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Newsflash | The Vodacom ‘Please Call Me’ Saga: Massive Payout Beckons for Former Employee After SCA Ruling

In November 2000, Kenneth Makate – who was then employed as Finance Manager at Vodacom – proposed that the mobile operator introduce a mechanism which allowed users with no credit to notify others to contact them. This idea purportedly developed into the ‘Please Call Me’ product (PCM), a lucrative initiative which was launched in March 2001, and subsequently generated tens of billions of Rands in total revenue for Vodacom.

Although Makate neither designed, funded nor implemented PCM, and MTN introduced the same product prior to Vodacom, Philip Geissler, then-Director of Product Development, agreed to compensate Makate should his idea prove commercially successful. When Vodacom later denied the existence of this agreement and disputed Geissler’s authority to bind the company, Makate instituted legal proceedings in 2008. And so commenced one of South Africa’s longest-running legal battles. Eventually, in 2016, the Constitutional Court found in favour of Makate: documentary evidence – including internal emails – supported the existence of the agreement, and Geissler had ostensible authority to bind Vodacom to said agreement.

Resultantly, the Constitutional Court ordered the parties to engage in good faith negotiations to establish reasonable compensation for Makate, failing which Vodacom’s CEO, Shameel Joosub, was mandated to determine this amount within a reasonable period of time. Unsurprisingly, negotiations broke down and Joosub stepped in. Ultimately, he concluded that Vodacom owed Makate R47 million. In calculating this figure, Joosub evaluated four different models based on a contract period of five years. He averaged the present-day outcomes of the two most favourable models, namely a forward-looking model based on the computation Vodacom would have agreed to pay Makate for his idea in 2001 (R51.5 million), and the revenue sharing model which retrospectively determines what Vodacom would have paid Makate for using his idea in terms of a five-year contract concluded in 2001 (R42.2 million). Makate rejected this offer, and approached the High Court to set aside the CEO’s determination. Ruling in favour of Makate, the High Court found the amount to be unreasonable, and remitted the matter back to Joosub who was instructed to again determine compensation. Significantly, the High Court issued certain directives to guide his calculation: Makate was entitled to 5% of total voice revenue generated from PCMs from March 2001 to March 2021, 27% of revenue generated from return calls to PCMs, and the time value of money calculated at 5% for each successive year.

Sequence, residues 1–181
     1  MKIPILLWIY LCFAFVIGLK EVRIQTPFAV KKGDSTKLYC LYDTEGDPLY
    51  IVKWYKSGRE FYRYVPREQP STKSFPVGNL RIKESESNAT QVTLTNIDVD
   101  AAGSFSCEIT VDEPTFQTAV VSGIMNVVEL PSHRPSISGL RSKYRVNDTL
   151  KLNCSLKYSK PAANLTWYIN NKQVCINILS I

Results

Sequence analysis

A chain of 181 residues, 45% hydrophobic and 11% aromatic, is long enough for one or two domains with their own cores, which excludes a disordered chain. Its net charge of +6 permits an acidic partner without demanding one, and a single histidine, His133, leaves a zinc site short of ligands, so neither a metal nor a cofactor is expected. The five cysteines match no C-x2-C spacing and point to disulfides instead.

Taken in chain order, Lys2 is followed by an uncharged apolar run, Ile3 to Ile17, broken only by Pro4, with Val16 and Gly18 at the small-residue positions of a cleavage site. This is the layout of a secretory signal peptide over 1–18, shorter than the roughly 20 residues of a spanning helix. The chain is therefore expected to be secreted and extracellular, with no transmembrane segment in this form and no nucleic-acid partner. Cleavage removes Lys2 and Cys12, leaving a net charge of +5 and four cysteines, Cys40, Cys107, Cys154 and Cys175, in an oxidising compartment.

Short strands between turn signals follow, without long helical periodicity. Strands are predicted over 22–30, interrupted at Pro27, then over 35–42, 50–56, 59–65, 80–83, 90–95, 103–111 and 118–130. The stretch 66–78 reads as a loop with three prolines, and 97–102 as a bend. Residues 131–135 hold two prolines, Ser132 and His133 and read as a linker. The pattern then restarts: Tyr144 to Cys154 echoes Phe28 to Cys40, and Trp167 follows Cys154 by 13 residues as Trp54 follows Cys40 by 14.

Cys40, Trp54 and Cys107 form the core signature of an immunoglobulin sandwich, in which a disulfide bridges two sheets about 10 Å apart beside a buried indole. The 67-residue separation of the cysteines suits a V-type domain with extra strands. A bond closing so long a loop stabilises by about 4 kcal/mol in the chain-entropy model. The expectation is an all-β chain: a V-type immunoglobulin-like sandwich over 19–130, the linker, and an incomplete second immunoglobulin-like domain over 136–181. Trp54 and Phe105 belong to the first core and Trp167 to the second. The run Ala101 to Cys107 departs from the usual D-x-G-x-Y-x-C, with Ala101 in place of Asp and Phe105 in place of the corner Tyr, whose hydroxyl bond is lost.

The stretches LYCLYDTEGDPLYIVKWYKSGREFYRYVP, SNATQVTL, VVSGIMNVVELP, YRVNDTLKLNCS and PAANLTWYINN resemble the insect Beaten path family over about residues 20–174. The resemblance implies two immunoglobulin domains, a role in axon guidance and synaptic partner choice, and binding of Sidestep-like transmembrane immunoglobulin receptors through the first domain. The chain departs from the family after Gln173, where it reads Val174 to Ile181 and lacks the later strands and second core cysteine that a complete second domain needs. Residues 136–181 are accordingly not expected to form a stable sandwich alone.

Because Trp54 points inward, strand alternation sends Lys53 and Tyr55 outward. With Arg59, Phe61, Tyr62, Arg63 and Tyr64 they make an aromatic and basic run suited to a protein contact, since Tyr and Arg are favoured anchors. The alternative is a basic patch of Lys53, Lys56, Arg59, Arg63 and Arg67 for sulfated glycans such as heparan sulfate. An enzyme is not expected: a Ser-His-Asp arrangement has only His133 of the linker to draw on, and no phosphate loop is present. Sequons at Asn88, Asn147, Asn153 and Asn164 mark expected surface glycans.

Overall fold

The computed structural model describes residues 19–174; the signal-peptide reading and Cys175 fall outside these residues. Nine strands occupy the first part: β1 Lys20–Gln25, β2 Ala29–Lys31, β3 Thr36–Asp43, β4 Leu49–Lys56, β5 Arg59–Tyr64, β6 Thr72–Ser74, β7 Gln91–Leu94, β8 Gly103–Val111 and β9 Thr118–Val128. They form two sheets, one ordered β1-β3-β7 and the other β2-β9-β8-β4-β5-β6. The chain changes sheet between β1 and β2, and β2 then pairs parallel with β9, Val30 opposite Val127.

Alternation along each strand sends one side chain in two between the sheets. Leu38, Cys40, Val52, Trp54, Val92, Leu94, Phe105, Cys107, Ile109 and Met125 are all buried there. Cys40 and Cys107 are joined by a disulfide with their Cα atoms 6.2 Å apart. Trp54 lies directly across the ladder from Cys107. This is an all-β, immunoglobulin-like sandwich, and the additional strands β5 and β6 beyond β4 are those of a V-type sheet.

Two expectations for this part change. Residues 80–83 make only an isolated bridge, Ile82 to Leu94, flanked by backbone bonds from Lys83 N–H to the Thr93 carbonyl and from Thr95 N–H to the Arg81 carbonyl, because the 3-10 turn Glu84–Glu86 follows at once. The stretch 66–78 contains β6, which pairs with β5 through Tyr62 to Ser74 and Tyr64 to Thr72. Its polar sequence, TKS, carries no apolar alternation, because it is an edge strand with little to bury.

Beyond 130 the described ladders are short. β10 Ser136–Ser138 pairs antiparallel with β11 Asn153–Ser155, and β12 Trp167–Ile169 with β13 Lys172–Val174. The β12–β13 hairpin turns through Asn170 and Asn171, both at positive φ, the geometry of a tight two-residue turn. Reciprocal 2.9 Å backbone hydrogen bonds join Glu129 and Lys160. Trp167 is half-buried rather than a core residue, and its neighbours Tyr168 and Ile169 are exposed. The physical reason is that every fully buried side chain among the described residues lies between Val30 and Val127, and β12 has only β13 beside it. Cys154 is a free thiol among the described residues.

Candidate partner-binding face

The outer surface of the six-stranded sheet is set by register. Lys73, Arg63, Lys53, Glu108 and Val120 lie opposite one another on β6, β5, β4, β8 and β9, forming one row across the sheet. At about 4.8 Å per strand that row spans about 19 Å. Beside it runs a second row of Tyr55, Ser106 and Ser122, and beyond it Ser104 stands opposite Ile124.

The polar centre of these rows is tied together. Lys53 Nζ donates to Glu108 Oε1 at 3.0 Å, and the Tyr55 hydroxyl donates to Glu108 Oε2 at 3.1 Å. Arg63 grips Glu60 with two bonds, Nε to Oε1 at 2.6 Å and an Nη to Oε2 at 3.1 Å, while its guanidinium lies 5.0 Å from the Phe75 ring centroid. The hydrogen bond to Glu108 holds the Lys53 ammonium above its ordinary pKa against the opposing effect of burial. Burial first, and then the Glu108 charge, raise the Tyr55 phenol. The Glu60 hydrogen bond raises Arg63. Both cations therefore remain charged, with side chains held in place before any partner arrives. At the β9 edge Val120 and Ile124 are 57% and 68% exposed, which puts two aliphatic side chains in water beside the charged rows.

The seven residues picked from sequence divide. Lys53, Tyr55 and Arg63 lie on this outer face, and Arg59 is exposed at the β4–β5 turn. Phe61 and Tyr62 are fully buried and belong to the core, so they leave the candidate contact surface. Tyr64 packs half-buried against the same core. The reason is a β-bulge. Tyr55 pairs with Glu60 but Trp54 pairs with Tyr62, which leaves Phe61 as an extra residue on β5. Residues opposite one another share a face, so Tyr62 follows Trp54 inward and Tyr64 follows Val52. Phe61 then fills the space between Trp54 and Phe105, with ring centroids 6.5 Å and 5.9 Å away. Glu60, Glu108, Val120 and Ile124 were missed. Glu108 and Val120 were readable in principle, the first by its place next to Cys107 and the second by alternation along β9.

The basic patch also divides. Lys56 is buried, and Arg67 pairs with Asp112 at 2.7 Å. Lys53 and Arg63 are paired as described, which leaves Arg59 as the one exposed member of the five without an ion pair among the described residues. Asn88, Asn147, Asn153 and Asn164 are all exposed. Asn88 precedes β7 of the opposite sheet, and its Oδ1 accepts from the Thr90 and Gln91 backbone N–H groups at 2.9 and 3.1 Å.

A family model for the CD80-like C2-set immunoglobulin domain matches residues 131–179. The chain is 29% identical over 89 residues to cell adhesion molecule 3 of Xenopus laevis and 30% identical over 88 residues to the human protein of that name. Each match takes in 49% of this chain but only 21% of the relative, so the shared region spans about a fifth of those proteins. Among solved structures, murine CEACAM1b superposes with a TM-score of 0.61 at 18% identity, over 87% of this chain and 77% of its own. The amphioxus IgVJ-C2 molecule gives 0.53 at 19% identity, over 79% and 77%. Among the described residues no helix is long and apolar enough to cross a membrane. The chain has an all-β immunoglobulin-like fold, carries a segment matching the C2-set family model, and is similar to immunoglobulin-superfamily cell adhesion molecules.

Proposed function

On appeal, the SCA was tasked with both interpreting the order of the Constitutional Court in light of Joosub‘s mandate and the compensation he proposed, and adjudicating whether the High Court erred in remitting the matter back to the CEO and imposing the aforesaid directives. Applying the two-leg test in the seminal case of Bekker v RSA, Mocumie JA – writing for the majority – held that the standard of review applicable to instances where a third party is nominated to make a valuation is that of a reasonable person. Accordingly, where a third person reaches a valuation in a manner that is so unreasonable, irregular or factually incorrect that it leads to a manifestly inequitable outcome, the parties are not bound by that valuation. The SCA agreed with the High Court’s assessment that the R47 million compensation determined by Joosub was unreasonable. Prefacing this finding, Mocumie JA noted Joosub’s arbitrary reduction of the PCM response rate by 70%, his departure from the agreed rate of 5% of total revenue, and his omission of mobile termination rates and the revenue emanating from contract subscribers’ PCMs. However, Mocumie JA held that the court a quo failed to consider the second leg of the Bekker test, that is whether the proposed compensation was manifestly inequitable.